We are on our fourth year of homeschooling, and in this current season in life these are our rhythms. First things. (Make bed, get dressed, comb hair, feed the dog, brush teeth). Bible. (They are all going through the Bible. Our oldest daughter reads on her own. Our son listens to the audio Bible while following along in his Bible, and our nine-year-old daughter sits beside her brother and listens to the audio.) Then they read or play until breakfast. (This gives me time to keep reading my Bible, start a load of laundry, or mix up bread.)
After breakfast in which, after I have finished eating, I read something out of the Bible, a poem or two or five, we work on our current poem or Scripture we are memorizing and review several past ones, plus usually fit in something else we are working at learning. (That has been oceans and continents, reviewing parts of speech, skip counting, and currently teaching the children how to read music.)

Next is dishes. (For breakfast and supper dishes, I have a rotating schedule by weeks.) After dishes we spend about an hour and a half to two hours of study. Math always comes first.

Then they help with jobs and play until lunch time. After lunch is rest time for one or two hours. Most afternoons, we have a period where we do geography, history, or science, and they read the next chapter in the books they are reading aloud.

Throughout the times of work and play in the mornings and afternoons, I may work with one of the children individually on something they are struggling with in one of the subjects. 

If a friend stops for coffee, or we go to a friend’s house, the children know we take up with the next thing in our rhythm of First Things, Bible, Breakfast, Math, Lunch, Rest time, Afternoon study. If something comes up before we do Math and it is lunchtime, then Math comes between lunch and rest time. (When our children were younger, rest time would probably have needed to come before math.) Then we continue on through our rhythms of the day.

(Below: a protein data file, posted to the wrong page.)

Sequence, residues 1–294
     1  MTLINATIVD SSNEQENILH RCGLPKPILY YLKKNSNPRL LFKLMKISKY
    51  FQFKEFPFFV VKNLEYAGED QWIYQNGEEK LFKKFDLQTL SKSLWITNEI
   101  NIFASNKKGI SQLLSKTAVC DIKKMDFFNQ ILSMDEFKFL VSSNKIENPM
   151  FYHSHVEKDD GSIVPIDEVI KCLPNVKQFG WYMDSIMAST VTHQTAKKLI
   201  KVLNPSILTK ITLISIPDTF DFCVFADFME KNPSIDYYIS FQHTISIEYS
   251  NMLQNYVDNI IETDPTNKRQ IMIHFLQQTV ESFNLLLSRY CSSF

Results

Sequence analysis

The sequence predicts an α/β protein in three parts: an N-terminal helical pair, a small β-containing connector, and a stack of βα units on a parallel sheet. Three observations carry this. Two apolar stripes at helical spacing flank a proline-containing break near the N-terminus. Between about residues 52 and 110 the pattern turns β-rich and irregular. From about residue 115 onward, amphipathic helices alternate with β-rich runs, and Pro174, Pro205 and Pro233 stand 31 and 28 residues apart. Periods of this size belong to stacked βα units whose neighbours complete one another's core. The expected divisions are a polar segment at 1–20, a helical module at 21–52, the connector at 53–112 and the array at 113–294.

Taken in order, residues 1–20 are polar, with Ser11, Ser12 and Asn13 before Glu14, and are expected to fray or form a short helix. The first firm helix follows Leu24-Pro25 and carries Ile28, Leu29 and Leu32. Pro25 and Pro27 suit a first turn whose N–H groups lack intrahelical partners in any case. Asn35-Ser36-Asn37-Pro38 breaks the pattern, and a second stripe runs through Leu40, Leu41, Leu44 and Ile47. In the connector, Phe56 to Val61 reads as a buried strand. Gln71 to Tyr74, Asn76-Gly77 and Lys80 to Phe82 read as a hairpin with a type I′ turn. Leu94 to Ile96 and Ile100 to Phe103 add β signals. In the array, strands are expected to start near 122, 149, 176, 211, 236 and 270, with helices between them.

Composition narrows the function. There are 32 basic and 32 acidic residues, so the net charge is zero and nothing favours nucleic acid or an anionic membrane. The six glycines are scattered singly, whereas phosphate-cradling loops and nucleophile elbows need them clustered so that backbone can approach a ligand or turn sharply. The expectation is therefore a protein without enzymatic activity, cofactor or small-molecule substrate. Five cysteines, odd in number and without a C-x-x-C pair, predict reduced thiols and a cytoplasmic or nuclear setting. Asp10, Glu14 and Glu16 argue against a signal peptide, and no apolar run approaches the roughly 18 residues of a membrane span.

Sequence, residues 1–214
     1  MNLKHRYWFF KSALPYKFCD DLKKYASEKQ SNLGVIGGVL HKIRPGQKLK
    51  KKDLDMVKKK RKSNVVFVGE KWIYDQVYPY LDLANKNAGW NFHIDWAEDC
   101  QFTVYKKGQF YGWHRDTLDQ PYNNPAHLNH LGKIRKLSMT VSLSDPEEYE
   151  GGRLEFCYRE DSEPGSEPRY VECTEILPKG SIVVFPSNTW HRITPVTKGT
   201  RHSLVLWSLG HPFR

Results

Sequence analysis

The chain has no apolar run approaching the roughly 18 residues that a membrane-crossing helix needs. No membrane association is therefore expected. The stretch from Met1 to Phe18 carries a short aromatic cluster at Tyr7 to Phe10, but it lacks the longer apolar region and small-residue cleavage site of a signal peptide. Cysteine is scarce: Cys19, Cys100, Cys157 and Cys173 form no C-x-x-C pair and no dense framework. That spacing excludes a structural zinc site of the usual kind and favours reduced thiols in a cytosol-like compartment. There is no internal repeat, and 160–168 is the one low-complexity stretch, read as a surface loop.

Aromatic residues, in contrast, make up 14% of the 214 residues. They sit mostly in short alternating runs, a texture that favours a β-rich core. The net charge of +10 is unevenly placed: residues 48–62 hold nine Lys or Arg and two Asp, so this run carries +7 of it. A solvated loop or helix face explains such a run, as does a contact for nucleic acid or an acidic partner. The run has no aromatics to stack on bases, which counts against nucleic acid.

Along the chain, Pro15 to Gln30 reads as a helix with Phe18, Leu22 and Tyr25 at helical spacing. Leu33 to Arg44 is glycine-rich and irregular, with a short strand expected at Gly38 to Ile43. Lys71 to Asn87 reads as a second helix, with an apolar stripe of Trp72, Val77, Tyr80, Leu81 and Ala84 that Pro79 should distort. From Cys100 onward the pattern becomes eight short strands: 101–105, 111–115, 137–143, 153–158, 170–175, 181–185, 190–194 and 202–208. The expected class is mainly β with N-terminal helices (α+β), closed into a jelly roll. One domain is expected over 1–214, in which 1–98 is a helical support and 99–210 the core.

I try to keep the time after supper free from school work so we can spend time playing games as a family and just enjoying being with my husband.

By schooling year round, we are able to not do school books when traveling, sick, or on a day that a friend comes all day to learn to sew. Also there is no forgetting of math facts and fraction concepts in the summer months, and no dreading the getting back into school schedule. It allows for those harder when all we get done is math in the morning and read alouds with tea in the afternoon.

I have three mottos that I use to guide my days. “Seek ye first the kingdom of God, and his righteousness; and all these things will be added unto you.” “Little drops of water, little grains of sand, make the mighty ocean, and the pleasant land.” (I repeat this one to myself on the days when I just want to go back to bed. Each little step we take does begin to add up to math facts remembered and concepts learned.) “Don’t count each day by the harvest you reap, but by the seeds that you plant.”

Among the day after day of teaching and training and guiding, I have learned to truly love to homeschool our children. I have learned to be open to God’s leading in my days, to take the time to listen to and instruct a struggling child instead of just getting a math lesson checked off the day’s list.

Jesus promised that He came so we can have abundant life. Today I am so grateful that in those early days of homeschooling when I was struggling, I clung to that promise of abundant life, and refused to settle for mediocre. I want to run this race of life well, and so I have learned that I need to set rhythms for my life that will help us to become more excellent in every area, even though they may look different from my friends. I also know that our lives will keep changing, and our rhythms may need to change too, but I choose to believe that God will lead me as I seek to live my life for His glory and to be faithful even in the little things.
-  Dorcas Showalter - Chili

Thursday, January 23, 2020

Goals and Routines: What Works for Timna

Timna shares about the shifts in her seasons of life.